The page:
My husband and I have encountered all these hazards and more in the 700+ miles we've logged over the last 2 months to train for our upcoming bike trip. How do you not freak out? With T-minus-2 days til we roll out, it's time to tie up the safety plan for our tour down the California coast.
Here are my top six rules for staying safe. No matter where you are or what kind of bike you ride, I hope these tips will help you keep the wheel side down and the smiles on full wattage.
Be visible. Here's the safety kit I have assembled during our training. Note the neon orange shirt. It's super light-weight for comfort and highly visible. The jacket for cool or wet weather sticks out too. The neon flag and flashing lights (one on the rack, one on the back of my helmet, one on the front) make it hard for drivers to not see me. But just to be sure, I keep an eye on them through the mirror on my sunglasses.
Cover up. This is even more important on a recumbent with your arms and legs stretched out in front of you (sunscreen only goes so far) but it's necessary any time you will be out for hours baking in the sun. My lightweight neon shirt is not only visible, it's SPF 70. Gloves and capris (we used to call them pedal pushers) cover my hands and legs and guard against road rash. I always wear sunscreen and if I'm riding into the sun I add the visor.
Carry a whistle. This was a lesson from a three-day "shakedown" practice tour. On day one while climbing a steep grade with the bike fully loaded, the biggest German Shepherd I have ever seen made a break from his owner, leaped into the air and collided teeth-first with my arm. He didn't break the skin but left a nasty bruise and the whole experience was rather unpleasant. We learned two things that day:
Seal up the meat. We had just picked up some fresh pork sausage for dinner from the market and stowed it in my left pannier, so I was between the dog and the pork 😉 I have some extra ziplocks packed now for such a situation.
According to the local park manager and sometime bicycle police trainer, if you blow a loud whistle it will confuse a dog and stop him in his tracks. I haven't actually had a chance to try it yet, but the whistle is part of my kit now.
Take the lane. A lot of cyclists and drivers have the idea that we are supposed to ride as far to the right as possible. That's actually a dangerous place to be, as this article explains well: http://www.commutebybike.com/2008/03/18/top-5-reasons-to-claim-the-lane-and-why-its-safer/ Make no mistake: if there is a safe shoulder, bike lane or path to ride on, I'll be there. If not, I'm a legal vehicle and I'll be out there where drivers will see me and be less tempted to squeeze by me.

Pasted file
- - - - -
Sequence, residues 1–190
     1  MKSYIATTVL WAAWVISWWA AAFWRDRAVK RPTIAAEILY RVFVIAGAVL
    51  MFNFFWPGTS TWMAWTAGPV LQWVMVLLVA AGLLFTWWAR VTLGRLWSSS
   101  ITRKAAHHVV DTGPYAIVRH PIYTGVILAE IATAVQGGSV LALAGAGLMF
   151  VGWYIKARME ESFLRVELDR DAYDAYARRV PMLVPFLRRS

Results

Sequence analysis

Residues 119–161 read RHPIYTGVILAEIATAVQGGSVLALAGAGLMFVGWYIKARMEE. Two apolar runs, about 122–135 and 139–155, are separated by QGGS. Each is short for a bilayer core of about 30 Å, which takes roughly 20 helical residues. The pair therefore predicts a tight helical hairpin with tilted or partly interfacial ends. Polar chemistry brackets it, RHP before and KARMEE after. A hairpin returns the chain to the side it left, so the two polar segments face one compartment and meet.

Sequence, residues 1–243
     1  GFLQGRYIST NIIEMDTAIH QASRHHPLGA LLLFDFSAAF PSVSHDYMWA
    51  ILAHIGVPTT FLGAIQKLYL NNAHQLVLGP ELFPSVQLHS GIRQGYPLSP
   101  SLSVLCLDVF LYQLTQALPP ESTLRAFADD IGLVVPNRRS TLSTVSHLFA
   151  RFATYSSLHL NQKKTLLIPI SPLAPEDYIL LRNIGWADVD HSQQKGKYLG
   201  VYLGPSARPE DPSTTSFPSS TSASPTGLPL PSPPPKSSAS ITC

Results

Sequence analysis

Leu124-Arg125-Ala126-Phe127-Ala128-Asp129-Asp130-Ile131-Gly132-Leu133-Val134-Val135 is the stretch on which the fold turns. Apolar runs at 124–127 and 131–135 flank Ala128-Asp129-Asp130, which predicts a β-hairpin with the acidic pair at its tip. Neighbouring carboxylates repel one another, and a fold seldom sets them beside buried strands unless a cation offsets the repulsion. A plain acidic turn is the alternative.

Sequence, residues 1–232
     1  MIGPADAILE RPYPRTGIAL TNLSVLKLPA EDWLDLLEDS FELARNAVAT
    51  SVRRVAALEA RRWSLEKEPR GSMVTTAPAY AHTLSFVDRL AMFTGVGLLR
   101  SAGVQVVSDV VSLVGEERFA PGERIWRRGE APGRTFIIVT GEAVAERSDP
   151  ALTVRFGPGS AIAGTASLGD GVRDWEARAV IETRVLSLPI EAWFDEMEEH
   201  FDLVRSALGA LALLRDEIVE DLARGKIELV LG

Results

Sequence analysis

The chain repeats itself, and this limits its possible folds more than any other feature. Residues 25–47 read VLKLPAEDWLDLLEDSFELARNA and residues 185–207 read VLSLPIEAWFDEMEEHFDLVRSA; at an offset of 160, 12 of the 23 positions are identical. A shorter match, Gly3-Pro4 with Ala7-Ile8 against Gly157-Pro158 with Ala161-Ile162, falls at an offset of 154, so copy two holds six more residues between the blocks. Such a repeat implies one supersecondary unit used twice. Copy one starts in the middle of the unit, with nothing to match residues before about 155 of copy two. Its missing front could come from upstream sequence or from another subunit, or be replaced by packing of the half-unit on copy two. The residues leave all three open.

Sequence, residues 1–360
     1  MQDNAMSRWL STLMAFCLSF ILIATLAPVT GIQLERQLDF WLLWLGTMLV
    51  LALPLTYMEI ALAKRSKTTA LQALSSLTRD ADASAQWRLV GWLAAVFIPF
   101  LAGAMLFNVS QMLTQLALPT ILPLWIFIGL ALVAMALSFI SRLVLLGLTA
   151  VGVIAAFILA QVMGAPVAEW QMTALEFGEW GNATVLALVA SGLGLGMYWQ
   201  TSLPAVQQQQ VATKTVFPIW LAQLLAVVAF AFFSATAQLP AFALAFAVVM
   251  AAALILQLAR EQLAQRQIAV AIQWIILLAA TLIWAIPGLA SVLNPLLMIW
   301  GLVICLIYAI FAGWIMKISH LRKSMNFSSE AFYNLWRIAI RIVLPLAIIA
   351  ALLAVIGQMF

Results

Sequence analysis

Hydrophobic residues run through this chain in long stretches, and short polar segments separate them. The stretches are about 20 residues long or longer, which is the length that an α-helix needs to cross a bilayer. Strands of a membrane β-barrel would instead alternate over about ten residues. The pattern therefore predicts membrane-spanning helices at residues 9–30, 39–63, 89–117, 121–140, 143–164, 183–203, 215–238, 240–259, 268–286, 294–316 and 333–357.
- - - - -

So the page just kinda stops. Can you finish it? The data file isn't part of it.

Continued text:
Do the work. Studies show that fear of falling increases the risk of falling. I sure found that to be true in the early stages of learning to ride a new bike. The more anxious I was, the more I found myself on the ground. Even after I got past the initial fear, I needed a lot of experience to really feel comfortable. Drills like riding with one hand at a time, pedalling with one leg at a time and riding all kinds of roads and hills improved my strength, skills, balance and safety. The one bright spot in my dog encounter was that I did not fall off the bike. If you have a big trip coming up, respect the distance and get your miles in. You'll have more fun, and you'll be better prepared to keep your wits about you if you run into wet roads, gravel, rocks or other surprises.
Wear a helmet. I almost forgot this one; it's just an automatic thing, but it's alarming to see people without them. Broken bones can be repaired; a brain injury is a lot harder to fix. If you have kids, insist that they wear a helmet and put yours on too. You need each other.
I'm eager to hear any other advice out there for staying safe on the bike, so please feel free to post comments with your tips and war stories.
And we're off! We'll be posting trip updates on the Crazy Guy on a Bike website, It's National Bike Month, so let's strap on those helmets, get out there and travel light!